A new study has confirmed that graphene can be used to create ultra-high density hard disk drives that offer up to ten times the amount of storage compared to current technologies. The study was published by researchers at the Cambridge Graphene Center in collaboration with teams at the University of Exeter, India, Switzerland, Singapore, and the US. While many computers are turning to solid-state storage devices today, hard drives are still widely used to store files in computers in large part because they are cheap and can store massive volumes of data.
Two major components inside of a hard drive include platters and a head. Data is written to the platters using a magnetic head which moves rapidly above the discs as they spin. Scientists have continually reduced the amount of space between the head and the platter enabling higher storage densities. Hard drives use carbon-based overcoats, which are layers used to protect platters from mechanical damage and corrosion. That layer occupies a significant part of the space between the two structures.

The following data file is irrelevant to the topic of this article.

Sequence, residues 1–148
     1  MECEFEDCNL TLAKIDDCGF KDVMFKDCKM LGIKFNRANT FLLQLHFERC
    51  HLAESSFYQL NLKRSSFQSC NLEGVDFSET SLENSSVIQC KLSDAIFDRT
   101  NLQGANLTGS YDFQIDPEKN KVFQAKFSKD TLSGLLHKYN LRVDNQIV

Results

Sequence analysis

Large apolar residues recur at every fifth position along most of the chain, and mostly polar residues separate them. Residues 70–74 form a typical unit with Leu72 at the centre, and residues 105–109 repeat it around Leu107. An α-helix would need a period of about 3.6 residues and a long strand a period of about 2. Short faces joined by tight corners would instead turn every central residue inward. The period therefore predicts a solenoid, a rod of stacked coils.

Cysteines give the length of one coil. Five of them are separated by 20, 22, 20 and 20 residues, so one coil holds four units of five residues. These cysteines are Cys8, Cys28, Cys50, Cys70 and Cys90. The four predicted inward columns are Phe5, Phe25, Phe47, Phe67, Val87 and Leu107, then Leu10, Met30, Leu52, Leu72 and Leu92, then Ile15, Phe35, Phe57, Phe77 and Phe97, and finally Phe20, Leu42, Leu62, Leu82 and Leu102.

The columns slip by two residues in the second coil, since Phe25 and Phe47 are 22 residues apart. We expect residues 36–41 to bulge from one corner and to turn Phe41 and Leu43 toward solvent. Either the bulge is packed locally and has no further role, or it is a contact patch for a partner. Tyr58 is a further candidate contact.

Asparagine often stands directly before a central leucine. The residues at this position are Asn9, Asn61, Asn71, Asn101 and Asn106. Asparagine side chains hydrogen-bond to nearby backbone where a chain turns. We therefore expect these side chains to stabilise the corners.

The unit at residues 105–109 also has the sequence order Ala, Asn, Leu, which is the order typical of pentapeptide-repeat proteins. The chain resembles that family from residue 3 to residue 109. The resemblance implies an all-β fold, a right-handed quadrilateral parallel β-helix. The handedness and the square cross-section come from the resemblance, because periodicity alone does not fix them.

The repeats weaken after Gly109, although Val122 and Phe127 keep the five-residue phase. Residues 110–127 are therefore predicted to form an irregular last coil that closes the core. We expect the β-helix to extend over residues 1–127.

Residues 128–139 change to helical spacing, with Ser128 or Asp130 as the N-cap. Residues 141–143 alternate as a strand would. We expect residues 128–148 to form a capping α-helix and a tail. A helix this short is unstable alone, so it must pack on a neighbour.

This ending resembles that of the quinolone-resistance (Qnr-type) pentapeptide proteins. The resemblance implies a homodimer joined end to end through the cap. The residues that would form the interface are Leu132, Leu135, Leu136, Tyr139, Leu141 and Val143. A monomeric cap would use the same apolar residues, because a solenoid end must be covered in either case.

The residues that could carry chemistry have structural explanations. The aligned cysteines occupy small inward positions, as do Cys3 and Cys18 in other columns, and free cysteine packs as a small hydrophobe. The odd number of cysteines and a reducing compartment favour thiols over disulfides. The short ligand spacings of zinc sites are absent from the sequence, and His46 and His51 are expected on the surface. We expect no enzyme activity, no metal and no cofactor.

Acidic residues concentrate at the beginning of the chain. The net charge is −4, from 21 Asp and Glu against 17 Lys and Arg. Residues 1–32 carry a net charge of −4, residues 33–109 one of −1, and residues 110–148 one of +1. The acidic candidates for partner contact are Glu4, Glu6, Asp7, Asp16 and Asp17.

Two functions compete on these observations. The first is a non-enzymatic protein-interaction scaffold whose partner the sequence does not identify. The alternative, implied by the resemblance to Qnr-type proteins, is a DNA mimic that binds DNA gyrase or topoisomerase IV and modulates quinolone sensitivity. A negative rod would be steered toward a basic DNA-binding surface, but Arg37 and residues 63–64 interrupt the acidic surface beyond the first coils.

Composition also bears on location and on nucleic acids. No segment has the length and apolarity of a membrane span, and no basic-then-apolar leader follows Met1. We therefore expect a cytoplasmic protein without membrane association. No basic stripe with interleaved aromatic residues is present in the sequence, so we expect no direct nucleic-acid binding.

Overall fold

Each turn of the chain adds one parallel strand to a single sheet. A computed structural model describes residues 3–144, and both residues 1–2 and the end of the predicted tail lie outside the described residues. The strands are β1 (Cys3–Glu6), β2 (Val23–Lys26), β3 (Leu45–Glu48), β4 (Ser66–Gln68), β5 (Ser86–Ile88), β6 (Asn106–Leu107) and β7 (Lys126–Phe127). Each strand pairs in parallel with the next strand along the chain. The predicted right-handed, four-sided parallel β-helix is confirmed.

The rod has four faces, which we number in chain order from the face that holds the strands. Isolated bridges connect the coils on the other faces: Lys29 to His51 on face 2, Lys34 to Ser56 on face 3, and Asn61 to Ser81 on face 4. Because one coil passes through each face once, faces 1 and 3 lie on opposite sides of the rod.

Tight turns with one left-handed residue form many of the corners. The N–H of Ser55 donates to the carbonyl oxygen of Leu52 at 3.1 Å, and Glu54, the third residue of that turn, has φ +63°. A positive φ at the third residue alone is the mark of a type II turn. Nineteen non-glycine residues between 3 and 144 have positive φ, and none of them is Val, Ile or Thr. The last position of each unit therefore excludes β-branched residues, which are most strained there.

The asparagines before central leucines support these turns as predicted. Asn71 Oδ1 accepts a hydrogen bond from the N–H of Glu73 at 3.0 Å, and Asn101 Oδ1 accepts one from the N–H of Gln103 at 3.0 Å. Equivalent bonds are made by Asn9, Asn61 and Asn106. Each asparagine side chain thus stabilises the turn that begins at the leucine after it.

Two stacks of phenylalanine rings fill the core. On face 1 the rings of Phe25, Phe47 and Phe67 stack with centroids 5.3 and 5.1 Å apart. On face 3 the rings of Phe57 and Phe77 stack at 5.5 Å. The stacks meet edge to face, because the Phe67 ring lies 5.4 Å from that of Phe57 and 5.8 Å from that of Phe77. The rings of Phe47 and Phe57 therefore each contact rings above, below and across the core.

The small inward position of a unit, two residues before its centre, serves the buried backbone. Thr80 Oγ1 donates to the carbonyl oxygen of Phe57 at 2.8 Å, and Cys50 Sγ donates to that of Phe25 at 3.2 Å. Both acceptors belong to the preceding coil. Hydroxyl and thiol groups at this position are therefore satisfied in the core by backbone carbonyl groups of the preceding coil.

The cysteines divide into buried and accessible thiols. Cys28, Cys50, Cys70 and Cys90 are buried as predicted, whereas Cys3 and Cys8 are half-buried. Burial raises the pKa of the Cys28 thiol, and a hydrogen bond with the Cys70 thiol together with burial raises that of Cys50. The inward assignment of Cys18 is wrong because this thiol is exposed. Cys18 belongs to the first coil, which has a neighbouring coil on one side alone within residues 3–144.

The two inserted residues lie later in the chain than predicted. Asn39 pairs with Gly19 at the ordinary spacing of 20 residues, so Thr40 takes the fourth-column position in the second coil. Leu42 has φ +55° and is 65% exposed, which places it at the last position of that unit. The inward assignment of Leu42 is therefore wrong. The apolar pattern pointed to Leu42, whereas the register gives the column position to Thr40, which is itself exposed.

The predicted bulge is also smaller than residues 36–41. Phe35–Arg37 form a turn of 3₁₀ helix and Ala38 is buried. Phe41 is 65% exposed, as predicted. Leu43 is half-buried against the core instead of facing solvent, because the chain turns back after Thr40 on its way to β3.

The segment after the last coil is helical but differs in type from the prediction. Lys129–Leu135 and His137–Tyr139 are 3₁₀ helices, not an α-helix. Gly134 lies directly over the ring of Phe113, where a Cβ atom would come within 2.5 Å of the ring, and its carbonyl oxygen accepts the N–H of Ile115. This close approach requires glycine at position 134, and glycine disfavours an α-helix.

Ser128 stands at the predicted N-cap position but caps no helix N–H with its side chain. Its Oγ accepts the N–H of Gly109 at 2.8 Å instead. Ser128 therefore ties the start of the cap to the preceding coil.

Researchers note that since 1990 the density of hard drives has quadrupled in the carbon-based overcoat thickness has been reduced from 12.5nm to around 3nm. That reduction corresponds to one terabyte per square inch. The new graphene system has allowed researchers to multiply that benefit by a factor of ten.
The researchers replaced commercial carbon-based overcoats with 1 to 4 layers of graphene and then tested the friction, wear, corrosion, thermal stability, and lubricant compatibility of the material. Researchers say that aside from its incredible thinness, graphene fulfills all the ideal properties of a hard drive overcoat in terms of corrosion protection, low friction, wear resistance, hardness, lubricant compatibility, and surface smoothness. The graphene coating provides a two-fold reduction in friction and better corrosion and wear resistance than current state-of-the-art solutions.
Researchers say that a single graphene layer reduces corrosion by 2.5 times. Graphene can also be combined with Heat-Assisted Magnetic Recording. The combined technologies can outperform current hard drives providing an unprecedented data density that’s higher than ten terabytes per square inch.